- Impact of Covid-19 on the global airline industry
- Qantas axes 6,000 jobs amid subdued travel demand and chalks out a 3-year recovery plan
Covid-19 has made the airline industry’s worst nightmares come true. The impact of the plummeting demand has been far worse than that of 9/11 and 2008 financial crisis combined. One of the most challenging industries to operate in, the impact of the pandemic was swift wherein the industry not only dealt with sudden drop in demand but also several cancellations, in response to travel advisories as well as social distancing norms called out by governments worldwide. While the major impact of the pandemic impacted operations during March for most airlines, Q2 2020 is also expected to be way more severe. The global airline industry is expected to lose more than US$ 84 bn in addition to seeing their revenues halve in the current year.
Source: EQUiBase, Televisory
While we have already seen a few airlines file for bankruptcy protection or shut operations (refer table below), many others are grappling for survival and are employing several measures including significant reduction in their fleet size, closure of unprofitable subsidiaries, layoffs as well as heightened security & health measures in order to gain the trust of their potential flyers.
Source: A4A Research, Televisory Research
After Avianca Airline and LATAM Airlines filed for bankruptcy protection in June this year, just last week Qantas Airlines announced that it planned to slash 6,000 jobs of its 29,000 strong workforce amid falling demand.). The airline is also said to raise US$ 1.3 bn (Australian dollar 1.9 bn) in addition to grounding 100 aircrafts for approx. 12 months. This move comes in complete contrast to its communication in May this year wherein it stated that it had enough liquidity to see it through December 2021. Furthermore, Qantas has cancelled all flights till October post the Australian government’s recent announcement that the country’s borders will remain sealed until next year. The airline has additionally chalked out a recovery plan spanning across 3 years, primarily focusing on cost cuts. Qantas plans to cut A$ 15 bn (~ US$ 10.3 bn) in expenses over 3 years, thereby delivering A$ 1 bn (~US$ 0.7 bn) in annual savings from the year 2023. While the airline sees itself doing well domestically, thanks to Australia faring far better than most countries in containment of the virus, Chief Executive Officer Alan Joyce while revealing the airline’s recovery plan, stated, “The Qantas Group entered this crisis in a better position than most airlines and we have some of the best prospects for recovery, especially in the domestic market, but it will take years before international flying returns to what it was.” In line with the aformentioned, the airline’s 6 remaining Boeing 747’s are set to be retired immediately, 6 months prior to original schedule.
While airlines such as Flybe and Avianca which recently shut their operations or filed for bankruptcy protection were already reeling in some form of financial duress, however, the true extent of the Covid-19 pandemic comes to fore when one of the world’s strongest airlines like Qantas needs to step up a drastic overhaul. Most analysts believe the airline industry will return to pre-pandemic growth levels within another 5 years or so. With a growth rate of ~4.1% in 2019 (to touch ~4.5 bn passengers), passenger growth was set to double at that growth rate in 18 years. However, now with the impact of Covid-19, this is likely to go up to 25 years to get to the 9 bn passenger mark. At the moment liquidity will be the name of the game, not just for the airline industry but for most businesses worldwide. Albeit the airline industry has had a good decade in terms of growth, profit margins continued to remain low, in additon to wide disparity in margins between carriers in different regions. While most airlines tend to have enough cash reserves to see them through a few months of fixed costs, the sudden plummeting of demand along with added uncertainity of being able to secure sufficient liquidity to cover current costs is likely to force a few more airlines into bankrutpcy.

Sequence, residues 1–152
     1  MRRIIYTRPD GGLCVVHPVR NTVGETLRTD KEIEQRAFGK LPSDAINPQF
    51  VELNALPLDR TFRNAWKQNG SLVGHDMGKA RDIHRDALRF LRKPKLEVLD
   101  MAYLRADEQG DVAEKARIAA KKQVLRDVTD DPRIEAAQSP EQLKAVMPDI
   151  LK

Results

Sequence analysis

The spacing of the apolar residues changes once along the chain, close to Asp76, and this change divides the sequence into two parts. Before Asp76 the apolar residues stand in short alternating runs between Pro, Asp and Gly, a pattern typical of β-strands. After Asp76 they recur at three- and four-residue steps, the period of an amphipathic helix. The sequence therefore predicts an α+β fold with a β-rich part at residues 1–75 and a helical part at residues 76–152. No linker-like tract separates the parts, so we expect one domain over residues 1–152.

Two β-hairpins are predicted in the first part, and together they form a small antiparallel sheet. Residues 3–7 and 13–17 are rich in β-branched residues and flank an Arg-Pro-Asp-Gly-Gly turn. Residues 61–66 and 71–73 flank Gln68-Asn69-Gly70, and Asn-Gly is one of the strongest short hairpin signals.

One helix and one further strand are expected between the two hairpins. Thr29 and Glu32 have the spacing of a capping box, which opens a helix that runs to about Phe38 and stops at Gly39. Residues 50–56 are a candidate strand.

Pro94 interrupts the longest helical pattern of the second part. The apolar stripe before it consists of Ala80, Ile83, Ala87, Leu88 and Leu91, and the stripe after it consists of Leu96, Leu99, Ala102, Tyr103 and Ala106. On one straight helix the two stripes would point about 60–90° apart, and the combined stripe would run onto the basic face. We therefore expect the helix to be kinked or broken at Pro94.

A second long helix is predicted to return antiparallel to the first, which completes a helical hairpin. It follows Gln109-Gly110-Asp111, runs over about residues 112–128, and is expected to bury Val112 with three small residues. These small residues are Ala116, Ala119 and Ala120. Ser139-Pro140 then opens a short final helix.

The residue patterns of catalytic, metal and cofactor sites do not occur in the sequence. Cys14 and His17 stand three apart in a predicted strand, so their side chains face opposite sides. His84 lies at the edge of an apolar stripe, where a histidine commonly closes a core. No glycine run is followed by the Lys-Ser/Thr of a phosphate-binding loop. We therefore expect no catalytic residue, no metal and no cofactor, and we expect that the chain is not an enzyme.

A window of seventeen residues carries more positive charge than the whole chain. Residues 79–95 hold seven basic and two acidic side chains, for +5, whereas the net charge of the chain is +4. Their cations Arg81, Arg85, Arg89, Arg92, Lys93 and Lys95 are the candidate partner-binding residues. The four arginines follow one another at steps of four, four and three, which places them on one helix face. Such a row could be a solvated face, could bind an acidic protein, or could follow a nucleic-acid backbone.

Governments will find themselves in a precarious position, with the following possible outcomes:
- Allowing struggling private airlines to fail
- Provide them with some form of liquidity to survive the storm
- Nationalize (similar to the way Alitalia was taken over by the Italian government in March 2020)
While governments in the US and Europe have been more forthcoming in terms of providing bailouts to their carriers, Latin American countries have been relatively more reluctant in providing support to their industries (much like the case of LATAM). In a nutshell, the most obvious take-away from all of this is that we will see most airlines, even the relatively stronger ones, convert into smaller airlines, at least in the short term. So surviving with lower demand will warrant several airlines restructuring and coming out leaner and more competitive in the new-normal post Covid world.